Where the heck is DIMM 7

Testing, diagnosis, troubleshooting, service, repair – These are common buzz words that we hear quite frequently when people talk about Total Cost of Ownership (TCO) and how platform RASUM (Reliability, Availability, Serviceability, Usability and Manageability) features could help to reduce those costs.

Reducing Mean Time To Repair (MTTR) is one of the aspects that apply both at the factory level and in field service. Advantech’s blade diagnostics are the foundation for a special feature that makes servicing our blades so much easier. All diagnostic software can detect broken CPUs, DIMMs and other replaceable items such as SSDs and disks. But does a message like “Please replace DIMM no. 7” printed on a console window really help service personnel in the field? Well, if they know where DIMM no. 7 is or if they have a map of the blade at hand, I guess that would be fine.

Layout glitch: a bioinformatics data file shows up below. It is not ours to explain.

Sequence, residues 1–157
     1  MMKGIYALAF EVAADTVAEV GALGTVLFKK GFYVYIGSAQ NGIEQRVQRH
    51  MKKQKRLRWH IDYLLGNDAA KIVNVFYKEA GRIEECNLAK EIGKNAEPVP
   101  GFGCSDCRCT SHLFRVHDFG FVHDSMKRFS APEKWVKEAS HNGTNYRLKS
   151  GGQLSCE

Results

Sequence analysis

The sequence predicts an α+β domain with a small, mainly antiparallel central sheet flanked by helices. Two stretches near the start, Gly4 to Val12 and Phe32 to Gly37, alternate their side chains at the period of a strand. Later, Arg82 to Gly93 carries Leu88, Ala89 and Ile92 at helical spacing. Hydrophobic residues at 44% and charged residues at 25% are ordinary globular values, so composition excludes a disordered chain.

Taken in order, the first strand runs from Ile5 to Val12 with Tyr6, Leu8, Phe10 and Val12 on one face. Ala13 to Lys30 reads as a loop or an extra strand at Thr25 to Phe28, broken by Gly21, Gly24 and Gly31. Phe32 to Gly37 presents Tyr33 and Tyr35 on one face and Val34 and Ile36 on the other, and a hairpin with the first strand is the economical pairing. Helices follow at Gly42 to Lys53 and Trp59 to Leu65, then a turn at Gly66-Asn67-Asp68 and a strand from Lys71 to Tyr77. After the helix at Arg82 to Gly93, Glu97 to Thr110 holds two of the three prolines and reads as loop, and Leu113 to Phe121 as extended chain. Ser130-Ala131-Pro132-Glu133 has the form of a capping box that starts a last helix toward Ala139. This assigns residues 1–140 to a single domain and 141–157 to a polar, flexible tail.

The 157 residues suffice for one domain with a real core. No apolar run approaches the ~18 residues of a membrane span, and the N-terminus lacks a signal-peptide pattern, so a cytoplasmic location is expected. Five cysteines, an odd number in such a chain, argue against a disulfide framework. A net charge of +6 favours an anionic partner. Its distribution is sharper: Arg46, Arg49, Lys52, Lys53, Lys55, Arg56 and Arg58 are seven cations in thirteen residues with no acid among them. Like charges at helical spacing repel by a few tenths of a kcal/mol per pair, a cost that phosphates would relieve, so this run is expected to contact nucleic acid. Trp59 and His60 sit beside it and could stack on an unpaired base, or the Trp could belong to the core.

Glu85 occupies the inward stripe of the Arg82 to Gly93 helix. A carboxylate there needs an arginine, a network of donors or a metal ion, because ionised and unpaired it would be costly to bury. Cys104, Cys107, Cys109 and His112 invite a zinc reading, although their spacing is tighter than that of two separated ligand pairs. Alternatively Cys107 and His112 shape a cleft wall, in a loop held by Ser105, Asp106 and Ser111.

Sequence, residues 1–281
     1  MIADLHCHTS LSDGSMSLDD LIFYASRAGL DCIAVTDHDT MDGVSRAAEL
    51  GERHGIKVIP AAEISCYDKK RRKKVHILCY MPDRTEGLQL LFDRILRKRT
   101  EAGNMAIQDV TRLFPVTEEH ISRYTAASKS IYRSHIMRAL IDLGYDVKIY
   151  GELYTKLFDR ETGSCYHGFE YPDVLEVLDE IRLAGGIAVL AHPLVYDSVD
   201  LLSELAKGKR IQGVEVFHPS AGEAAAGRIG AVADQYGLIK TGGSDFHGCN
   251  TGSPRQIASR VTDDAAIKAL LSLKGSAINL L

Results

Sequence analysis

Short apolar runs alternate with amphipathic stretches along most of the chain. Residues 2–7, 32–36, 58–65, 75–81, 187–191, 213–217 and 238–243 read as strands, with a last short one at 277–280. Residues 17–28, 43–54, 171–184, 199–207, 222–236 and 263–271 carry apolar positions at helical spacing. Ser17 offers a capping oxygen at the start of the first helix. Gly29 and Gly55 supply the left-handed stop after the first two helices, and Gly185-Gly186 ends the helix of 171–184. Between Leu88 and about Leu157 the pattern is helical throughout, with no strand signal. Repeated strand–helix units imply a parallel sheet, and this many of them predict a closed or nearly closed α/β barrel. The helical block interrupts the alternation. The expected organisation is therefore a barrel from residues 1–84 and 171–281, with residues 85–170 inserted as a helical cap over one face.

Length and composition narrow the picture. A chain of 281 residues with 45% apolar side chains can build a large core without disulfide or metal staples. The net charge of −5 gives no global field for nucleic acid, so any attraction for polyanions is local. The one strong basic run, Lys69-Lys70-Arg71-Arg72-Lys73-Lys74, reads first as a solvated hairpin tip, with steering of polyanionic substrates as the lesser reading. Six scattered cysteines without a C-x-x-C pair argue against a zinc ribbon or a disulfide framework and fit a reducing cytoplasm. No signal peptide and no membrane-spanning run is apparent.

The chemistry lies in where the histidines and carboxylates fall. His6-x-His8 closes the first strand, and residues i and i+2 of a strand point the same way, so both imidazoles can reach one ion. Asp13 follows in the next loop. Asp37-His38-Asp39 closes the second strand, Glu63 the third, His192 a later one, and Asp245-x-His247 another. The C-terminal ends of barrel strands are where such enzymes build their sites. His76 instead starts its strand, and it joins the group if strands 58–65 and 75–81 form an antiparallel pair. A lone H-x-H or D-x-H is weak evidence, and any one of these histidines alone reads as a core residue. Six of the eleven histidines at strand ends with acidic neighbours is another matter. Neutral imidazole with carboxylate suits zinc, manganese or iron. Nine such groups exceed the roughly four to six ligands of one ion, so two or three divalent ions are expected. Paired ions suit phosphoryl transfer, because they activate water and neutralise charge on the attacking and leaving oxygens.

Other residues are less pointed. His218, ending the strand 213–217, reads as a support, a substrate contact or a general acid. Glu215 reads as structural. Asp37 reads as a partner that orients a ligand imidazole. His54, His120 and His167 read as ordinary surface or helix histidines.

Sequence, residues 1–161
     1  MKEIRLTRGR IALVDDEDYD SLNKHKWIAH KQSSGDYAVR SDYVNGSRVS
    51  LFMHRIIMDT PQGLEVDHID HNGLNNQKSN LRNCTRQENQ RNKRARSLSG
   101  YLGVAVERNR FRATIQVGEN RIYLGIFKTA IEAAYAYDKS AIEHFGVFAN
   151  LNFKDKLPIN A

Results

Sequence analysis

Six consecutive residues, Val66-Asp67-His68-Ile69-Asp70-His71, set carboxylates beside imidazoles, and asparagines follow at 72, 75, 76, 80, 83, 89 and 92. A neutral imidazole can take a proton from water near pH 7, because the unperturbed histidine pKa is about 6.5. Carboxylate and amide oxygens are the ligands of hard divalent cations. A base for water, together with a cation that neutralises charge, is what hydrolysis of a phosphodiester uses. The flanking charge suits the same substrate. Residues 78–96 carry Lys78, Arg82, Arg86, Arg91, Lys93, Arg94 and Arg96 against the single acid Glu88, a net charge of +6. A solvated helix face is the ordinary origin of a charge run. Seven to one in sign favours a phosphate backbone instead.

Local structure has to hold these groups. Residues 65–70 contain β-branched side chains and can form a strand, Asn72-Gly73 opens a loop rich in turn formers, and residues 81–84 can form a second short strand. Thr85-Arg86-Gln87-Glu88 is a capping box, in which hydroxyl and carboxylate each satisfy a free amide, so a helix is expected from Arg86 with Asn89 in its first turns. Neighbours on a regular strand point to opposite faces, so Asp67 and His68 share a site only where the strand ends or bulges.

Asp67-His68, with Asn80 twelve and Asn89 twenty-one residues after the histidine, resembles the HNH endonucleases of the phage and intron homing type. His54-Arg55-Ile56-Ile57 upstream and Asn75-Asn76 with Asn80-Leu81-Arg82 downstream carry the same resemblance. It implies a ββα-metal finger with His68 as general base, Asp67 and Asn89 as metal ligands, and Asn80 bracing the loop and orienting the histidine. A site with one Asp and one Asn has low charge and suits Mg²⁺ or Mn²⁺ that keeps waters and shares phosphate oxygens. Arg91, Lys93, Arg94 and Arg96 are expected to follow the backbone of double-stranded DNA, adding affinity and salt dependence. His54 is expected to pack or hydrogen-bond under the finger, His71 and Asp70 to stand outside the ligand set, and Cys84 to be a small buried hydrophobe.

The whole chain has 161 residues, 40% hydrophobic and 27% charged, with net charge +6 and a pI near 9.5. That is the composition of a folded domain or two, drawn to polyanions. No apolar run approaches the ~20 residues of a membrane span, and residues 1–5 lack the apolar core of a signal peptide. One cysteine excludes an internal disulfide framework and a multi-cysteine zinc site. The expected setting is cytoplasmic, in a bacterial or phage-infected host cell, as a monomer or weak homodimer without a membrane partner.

There is a much smarter way to locate a faulty item on Advantech blades (of course). The Advantech diagnostic software can identify the faulty item and then store the specific location in a special register of the hardware. The value of that register can be displayed for a period of time even after the blade has been removed from the system, i.e. the power source. The display items are LEDs located just next to the faulty item, i.e. DIMM7 in our example.

All that a service or factory tech then needs to do after running the diagnostics is remove the blade from the chassis, put it in front of them, press a small push button, known as the “Where-the-heck- is-DIMM-7-?” button, and the LED illuminates and will guide them to the component that needs replacement. No more learning how DIMMs are numbered on that blade and no more looking for the latest maps. Just replace the DIMM next to the LED. That’s it. Simple, or what?

 

Peter Marek – Director of x86 Solutions

 

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